That's the relationship I believe our Papa longs for too.  

Wednesday, September 4, 2013

The Kind Chisel


Have you ever witnessed someone experience the pain of being sculpted?  I have.  It can be a horrible process to observe.

Michelangelo said, "In every block of marble I see a statue as plain as though it stood before me, shaped and perfect in attitude and action. I have only to hew away the rough walls that imprison the lovely apparition to reveal it to the other eyes as mine see it."  Our Lord can clearly envision, in our rugged blocks of marble, the potential to form the very image of Christ.  He "makes us more and more like Him as we are changed into His glorious image" (2 Cor 3:18).  


But the process of having pieces chipped away by a hammer and chisel is nothing short of excruciatingly painful.  Over time, when we truly begin to bear the likeness of Jesus, and the chisel must work closer and closer to the core of who we were designed to be, the pain only increases.  At first, when we look nothing like Jesus, the chunks of rock that are removed are obvious and our grief may be minimal, but as we grow closer to His image, we may be surprised at what pieces still need to be removed.  We may think we love, but it's not yet like Christ loves.  We may think we forgive, but it doesn't come close to resembling the no-record-of-wrongs forgiveness Christ demonstrated to those around Him as He hung on the cross.  Our righteousness is being painfully chipped away so that eventually all that remains is Jesus Himself. 


Remember, Jesus only rebukes and disciplines those He loves (Rev 3:18).  The Father only prunes branches that bear fruit so that they may bear even more fruit (John 15:2). Despite the often unbearable pain that accompanies that sharp chisel, what a comfort to know that He only shapes us because He loves us!  He only prunes away superfluous branches because He there is evidence of fruit in our lives and He wants to help us produce more!

When asked how he created such majestic statues, an anonymous sculptor famously replied, "I simply chip away everything that doesn't look like the desired finish product."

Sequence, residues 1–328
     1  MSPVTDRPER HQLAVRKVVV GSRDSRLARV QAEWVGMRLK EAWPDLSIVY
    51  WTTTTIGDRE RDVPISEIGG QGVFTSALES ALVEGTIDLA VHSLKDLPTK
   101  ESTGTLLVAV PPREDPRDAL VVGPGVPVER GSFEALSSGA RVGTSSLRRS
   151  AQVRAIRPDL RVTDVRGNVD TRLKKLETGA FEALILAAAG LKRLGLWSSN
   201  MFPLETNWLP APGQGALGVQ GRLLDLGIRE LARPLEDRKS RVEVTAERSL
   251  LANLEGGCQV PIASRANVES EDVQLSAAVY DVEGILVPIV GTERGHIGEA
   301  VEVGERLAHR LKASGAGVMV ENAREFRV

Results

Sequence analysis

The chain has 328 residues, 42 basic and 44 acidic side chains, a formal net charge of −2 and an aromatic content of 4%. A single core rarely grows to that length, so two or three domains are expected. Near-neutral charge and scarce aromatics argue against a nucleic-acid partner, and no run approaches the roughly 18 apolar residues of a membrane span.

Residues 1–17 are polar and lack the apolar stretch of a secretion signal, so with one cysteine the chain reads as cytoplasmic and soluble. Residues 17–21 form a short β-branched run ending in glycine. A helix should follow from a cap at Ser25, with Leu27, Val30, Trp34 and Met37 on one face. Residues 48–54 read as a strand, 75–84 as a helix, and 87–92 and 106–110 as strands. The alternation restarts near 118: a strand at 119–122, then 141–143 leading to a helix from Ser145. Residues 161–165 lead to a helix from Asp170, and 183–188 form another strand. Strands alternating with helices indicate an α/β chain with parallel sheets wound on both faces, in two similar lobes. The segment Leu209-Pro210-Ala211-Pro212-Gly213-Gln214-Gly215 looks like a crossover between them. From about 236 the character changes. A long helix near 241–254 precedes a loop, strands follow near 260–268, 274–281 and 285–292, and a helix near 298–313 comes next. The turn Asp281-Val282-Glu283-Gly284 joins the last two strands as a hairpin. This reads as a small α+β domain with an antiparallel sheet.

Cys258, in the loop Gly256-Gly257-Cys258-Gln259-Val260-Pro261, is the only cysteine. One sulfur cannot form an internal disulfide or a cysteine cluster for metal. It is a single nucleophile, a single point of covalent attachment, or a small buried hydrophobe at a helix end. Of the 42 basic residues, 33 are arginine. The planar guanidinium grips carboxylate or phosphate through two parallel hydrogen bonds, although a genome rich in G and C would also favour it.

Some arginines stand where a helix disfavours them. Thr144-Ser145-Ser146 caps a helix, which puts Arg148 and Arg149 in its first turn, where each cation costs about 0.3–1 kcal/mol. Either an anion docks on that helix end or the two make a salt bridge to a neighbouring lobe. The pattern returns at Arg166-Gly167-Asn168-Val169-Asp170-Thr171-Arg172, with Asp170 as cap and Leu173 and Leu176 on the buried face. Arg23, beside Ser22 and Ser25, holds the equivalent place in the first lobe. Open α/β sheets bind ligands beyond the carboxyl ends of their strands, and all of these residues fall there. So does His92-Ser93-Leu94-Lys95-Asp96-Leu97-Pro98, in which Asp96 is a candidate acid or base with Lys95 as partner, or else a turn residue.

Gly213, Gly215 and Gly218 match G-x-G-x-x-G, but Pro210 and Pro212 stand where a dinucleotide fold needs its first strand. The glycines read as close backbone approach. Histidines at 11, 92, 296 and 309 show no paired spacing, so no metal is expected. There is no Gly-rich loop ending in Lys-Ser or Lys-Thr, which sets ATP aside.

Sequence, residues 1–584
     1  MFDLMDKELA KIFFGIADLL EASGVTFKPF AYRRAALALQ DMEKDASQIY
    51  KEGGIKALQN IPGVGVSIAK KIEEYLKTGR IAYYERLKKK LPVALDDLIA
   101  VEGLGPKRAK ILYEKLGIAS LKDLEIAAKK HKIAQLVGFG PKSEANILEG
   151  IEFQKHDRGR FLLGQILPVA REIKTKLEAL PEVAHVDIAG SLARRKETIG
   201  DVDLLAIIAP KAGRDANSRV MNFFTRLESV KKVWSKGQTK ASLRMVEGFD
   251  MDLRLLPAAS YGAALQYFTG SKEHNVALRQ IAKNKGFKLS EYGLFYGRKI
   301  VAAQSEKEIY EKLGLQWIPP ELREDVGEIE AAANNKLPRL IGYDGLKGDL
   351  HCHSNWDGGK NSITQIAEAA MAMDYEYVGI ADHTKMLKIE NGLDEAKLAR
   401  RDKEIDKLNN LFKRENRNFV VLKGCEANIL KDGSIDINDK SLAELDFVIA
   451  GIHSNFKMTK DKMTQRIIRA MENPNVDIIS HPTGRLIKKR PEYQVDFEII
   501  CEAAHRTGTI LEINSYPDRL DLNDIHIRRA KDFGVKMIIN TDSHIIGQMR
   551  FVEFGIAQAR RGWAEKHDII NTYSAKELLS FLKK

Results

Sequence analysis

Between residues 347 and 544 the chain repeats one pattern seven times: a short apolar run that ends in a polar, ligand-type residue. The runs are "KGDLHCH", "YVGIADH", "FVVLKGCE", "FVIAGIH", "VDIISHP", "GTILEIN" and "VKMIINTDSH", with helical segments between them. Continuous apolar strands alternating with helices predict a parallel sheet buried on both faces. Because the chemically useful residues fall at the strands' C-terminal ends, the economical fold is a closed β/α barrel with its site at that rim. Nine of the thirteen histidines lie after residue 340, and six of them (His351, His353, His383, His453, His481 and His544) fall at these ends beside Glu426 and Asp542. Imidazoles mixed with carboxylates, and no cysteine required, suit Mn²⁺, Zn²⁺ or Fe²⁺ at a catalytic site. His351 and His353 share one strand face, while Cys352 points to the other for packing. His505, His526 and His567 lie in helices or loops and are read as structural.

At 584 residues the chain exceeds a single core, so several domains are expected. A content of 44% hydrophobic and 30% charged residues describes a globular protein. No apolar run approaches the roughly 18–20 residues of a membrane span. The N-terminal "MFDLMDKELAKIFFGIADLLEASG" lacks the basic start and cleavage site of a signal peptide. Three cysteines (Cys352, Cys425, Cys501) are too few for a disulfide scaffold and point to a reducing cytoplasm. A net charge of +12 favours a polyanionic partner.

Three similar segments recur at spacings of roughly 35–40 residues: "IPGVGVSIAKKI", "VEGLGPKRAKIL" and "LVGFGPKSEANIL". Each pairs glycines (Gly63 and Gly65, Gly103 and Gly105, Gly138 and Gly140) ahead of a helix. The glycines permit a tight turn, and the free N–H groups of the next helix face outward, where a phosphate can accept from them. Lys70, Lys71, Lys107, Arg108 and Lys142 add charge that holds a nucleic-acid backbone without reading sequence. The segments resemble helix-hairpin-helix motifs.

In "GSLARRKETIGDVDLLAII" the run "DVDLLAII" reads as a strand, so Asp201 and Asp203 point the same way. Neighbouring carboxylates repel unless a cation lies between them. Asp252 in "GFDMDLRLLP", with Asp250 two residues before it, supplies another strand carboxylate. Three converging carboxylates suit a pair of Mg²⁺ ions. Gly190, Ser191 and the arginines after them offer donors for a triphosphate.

Lord, chip away everything in our lives that is not like You. 
Spirit, comfort us as we recover. 

Tuesday, September 3, 2013

Lawn Care

My backyard on a good day with boosted saturation
One of my favorite chores, potentially the only chore I could come close to saying I enjoy, is cutting the grass. I don't so much care for the weed whacking part afterward, but I like it to look neat and tidy to a degree.  My insanity stretches only so far.  I rarely edge and I'm not the guy who buys the bags of super grass seed or the 'winter rye' like my Dad spreads every fall to ensure a green winter plot, but I do employ a lawn service to show up a few times a year and spread their toxic chemicals around my yard, messing up my perfectly parallel lines from my last mowing. 

The thing is, I still have patchy spots where no grass grows and that pesky crabgrass sprouts up in far too many places.  In my weaker moments, I want to take a picture of my sub-par yard, send it to the company I enlist and ask if they'd be willing to post my picture on their homepage.  Of course they wouldn't.  Then I imagine they would ask if I'd care to see what my lawn would look like without their help!  

As I cut my grass yesterday, I thought of the care my spiritual life needs.  At times I become satisfied with a decent looking spiritual life, one that looks good from a distance, one that I care for once a week, one that occasionally is bolstered by professionals, perhaps at a spiritual retreat or conference.  But I'm not satisfied with that.  I want more, more of Jesus.  

My yard needs some TLC (tender loving care: not the artist or the channel), it needs a greater investment of time and attention if it's to be full and lush and vibrant, devoid of weeds or dead spots.  My spiritual life craves the same.